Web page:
388. Letter From the Assistant Secretary of State for Inter-American Affairs (Martin) to the Ambassador to the Dominican Republic (Martin)1

Dear John: You will probably have seen by now various memoranda reflecting the general policy line that has been adopted here with respect to Bosch’s activities against Duvalier. We continue to work on the question of tactics within the framework of this policy. I want to try to explain in this letter, as closely as I can now, exactly what we have in mind so that you have not only what is in the official papers but what is between the lines, which is, I am afraid, not unimportant in this case.

We continue to be interested in seeing whether there is a possibility of overthrowing Duvalier without causing undue international repercussions. We are quite anxious from the standpoint of international [Page 799]repercussions to keep the United States Government very much in the background.

We see considerable difficulties for Bosch’s undertaking a successful operation both from the standpoint of international repercussions and from the standpoint of his own capabilities. We can’t avoid the probability that action by him will rub off somewhat on us in view of our close past associations with the Dominican Republic.

There is also considerable sensitivity here to the charge which has been picked up in the United States press that Bosch has more than once been all ready to upset Duvalier but the United States has stopped him. This charge smacks of interventionism or worse and is not accepted easily.

We also take it as an uncomfortable fact of life that the United States activity in support of Haitians, which is undertaken through or in close collaboration with Bosch, is apt to become public. One can’t tell when or under what circumstances, but both Bosch and his entourage are not considered to possess undue amounts of security consciousness, to say nothing of the Haitians.

This leads us to want to keep closely in touch with Bosch and the Dominicans on what they are doing on as discreet a basis as possible and in a way which will minimize, though it cannot avoid, difficulties in refusing material or financial assistance. [9-½ lines of source text not declassified]

At the same time we hope to be able to get away with this restricted relation with Bosch, we plan to continue working with Haitians directly in order to have a check on what Bosch is doing and what he is saying, in order to have some degree of independent control over the timing of Haitian activities and, if the appropriate occasion should arise, perhaps to be able to give more concrete help to the Haitians without compromising ourselves with Bosch or his associates.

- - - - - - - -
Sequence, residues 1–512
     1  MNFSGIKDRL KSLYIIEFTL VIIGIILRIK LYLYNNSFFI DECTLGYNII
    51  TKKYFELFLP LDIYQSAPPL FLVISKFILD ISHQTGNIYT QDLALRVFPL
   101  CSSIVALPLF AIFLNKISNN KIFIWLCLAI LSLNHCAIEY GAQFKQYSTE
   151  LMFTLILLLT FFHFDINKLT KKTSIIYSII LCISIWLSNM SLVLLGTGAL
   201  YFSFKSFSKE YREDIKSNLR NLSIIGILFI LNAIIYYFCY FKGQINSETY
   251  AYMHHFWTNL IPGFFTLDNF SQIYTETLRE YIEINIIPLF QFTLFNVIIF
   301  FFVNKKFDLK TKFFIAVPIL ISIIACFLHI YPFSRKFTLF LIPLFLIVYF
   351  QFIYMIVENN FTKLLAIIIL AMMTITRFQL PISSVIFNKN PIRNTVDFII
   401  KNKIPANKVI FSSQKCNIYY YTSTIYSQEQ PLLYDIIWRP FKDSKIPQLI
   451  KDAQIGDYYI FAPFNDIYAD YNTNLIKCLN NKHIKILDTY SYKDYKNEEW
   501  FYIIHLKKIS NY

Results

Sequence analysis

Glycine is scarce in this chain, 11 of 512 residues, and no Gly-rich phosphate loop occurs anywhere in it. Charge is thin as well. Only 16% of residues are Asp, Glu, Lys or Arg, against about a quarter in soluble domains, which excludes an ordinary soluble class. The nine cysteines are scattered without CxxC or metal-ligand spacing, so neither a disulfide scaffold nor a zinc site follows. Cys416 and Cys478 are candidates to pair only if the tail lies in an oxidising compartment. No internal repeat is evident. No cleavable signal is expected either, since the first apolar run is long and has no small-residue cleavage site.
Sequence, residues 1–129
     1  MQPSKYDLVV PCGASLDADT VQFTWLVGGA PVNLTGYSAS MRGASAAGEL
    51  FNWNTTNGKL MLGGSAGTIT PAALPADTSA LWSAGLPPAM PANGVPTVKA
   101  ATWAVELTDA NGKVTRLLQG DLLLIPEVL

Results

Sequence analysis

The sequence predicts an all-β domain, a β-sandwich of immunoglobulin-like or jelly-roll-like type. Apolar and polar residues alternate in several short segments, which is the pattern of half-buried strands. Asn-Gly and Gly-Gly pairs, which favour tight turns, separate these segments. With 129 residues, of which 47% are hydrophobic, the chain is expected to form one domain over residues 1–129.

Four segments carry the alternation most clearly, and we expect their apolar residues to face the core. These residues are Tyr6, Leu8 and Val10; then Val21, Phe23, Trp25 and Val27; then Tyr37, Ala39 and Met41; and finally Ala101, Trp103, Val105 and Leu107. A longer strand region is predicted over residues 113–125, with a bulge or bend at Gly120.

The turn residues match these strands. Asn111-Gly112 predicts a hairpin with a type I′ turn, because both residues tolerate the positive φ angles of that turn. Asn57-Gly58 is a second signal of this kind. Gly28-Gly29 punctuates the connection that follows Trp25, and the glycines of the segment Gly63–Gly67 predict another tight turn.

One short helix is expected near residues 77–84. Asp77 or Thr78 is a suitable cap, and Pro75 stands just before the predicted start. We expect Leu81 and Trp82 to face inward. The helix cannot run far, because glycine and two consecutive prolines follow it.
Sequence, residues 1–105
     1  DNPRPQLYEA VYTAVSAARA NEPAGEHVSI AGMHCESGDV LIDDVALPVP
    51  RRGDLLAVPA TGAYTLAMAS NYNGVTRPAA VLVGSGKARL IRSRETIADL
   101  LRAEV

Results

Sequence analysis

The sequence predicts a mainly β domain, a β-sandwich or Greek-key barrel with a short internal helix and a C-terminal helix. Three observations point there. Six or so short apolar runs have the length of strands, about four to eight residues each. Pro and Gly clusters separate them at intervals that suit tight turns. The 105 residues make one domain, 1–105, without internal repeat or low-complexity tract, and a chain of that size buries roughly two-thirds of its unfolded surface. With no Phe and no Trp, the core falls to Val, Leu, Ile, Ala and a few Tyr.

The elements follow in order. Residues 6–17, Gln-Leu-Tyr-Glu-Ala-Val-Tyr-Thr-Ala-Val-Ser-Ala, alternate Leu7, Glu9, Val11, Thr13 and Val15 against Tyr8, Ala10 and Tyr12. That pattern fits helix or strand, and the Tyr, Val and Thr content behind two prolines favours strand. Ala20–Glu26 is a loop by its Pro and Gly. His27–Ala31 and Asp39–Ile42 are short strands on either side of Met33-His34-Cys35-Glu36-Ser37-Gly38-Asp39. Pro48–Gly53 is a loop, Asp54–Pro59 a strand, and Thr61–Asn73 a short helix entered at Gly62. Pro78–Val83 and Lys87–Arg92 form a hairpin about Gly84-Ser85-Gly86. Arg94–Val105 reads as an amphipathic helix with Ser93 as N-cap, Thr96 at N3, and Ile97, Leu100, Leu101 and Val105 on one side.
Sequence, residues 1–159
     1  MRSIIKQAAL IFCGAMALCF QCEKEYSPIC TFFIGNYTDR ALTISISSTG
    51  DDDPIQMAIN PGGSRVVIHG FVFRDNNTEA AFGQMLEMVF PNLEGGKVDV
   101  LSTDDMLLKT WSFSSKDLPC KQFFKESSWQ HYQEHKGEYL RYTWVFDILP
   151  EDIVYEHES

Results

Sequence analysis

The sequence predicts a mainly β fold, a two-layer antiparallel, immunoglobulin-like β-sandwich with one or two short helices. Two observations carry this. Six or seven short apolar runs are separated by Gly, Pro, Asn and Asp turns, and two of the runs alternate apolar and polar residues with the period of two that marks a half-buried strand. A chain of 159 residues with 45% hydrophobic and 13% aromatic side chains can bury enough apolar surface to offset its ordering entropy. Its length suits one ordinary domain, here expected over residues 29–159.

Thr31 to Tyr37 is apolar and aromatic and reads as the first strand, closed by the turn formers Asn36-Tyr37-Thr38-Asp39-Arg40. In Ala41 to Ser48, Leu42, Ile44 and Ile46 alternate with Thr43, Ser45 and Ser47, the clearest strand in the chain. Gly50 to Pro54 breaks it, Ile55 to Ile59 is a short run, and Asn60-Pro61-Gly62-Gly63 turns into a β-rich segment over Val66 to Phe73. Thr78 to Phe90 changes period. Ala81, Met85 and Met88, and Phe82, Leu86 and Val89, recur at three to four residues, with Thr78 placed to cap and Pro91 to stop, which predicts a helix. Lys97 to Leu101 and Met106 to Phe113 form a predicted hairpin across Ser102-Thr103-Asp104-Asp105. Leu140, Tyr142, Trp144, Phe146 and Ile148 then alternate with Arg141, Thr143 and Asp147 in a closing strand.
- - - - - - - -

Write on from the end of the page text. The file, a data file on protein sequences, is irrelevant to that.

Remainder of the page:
I have no illusions that this is anything but a very tricky and difficult game to play. I think we have no illusions about the prospects of organizing the Haitians to doing anything very helpful in the near future either. But, in order to make the most of it with the least possible damage, I thought it important that you understand, as specifically as I have tried to put it in this letter, what we are trying to accomplish and how we think it best to go about it, so that you can conduct yourself in a way which fits into the program.2

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Best of luck.

Sincerely,

Edwin M. Martin3

P.S. I have just come back from a visit with Alex Johnson to the JCS, where they wished to discuss the DR situation. I think they are reasonably content with our appraisal and current policies. They have seen your recent long despatch with its 26 recommendations. I told them we were preparing an action paper for the LAPC based on it.4 This seemed to satisfy them on this score.

  1. Source: Department of State, Central Files, POL DOM REP-HAI. Top Secret; Official-Informal.
  2. In a June 12 letter to Edwin Martin, Ambassador John Martin agreed that it would be difficult for Bosch to undertake an operation against Duvalier either successfully, quietly, or without also implicating the United States. Martin also agreed he must distance himself from operational activities, but noted that it was inevitable that Bosch would want to discuss Haiti with him. Martin asked to be fully informed of U.S. activities in the Dominican Republic in conjunction with Haitian dissidents. (Ibid., POL DOM REP-US)
  3. Printed from a copy that bears this typed signature.
  4. Documents 243 ff.